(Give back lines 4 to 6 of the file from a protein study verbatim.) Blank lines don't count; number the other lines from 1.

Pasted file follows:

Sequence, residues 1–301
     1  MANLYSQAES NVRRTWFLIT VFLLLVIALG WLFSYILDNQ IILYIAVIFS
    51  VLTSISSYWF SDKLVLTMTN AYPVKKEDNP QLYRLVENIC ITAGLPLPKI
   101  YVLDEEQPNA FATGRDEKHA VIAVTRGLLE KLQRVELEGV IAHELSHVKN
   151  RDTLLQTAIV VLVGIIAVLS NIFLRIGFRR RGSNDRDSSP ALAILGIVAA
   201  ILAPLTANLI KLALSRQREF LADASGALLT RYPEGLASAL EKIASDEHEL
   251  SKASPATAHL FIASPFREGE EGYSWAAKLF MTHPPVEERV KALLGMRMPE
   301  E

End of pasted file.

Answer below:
   101  YVLDEEQPNA FATGRDEKHA VIAVTRGLLE KLQRVELEGV IAHELSHVKN
   151  RDTLLQTAIV VLVGIIAVLS NIFLRIGFRR RGSNDRDSSP ALAILGIVAA
   201  ILAPLTANLI KLALSRQREF LADASGALLT RYPEGLASAL EKIASDEHEL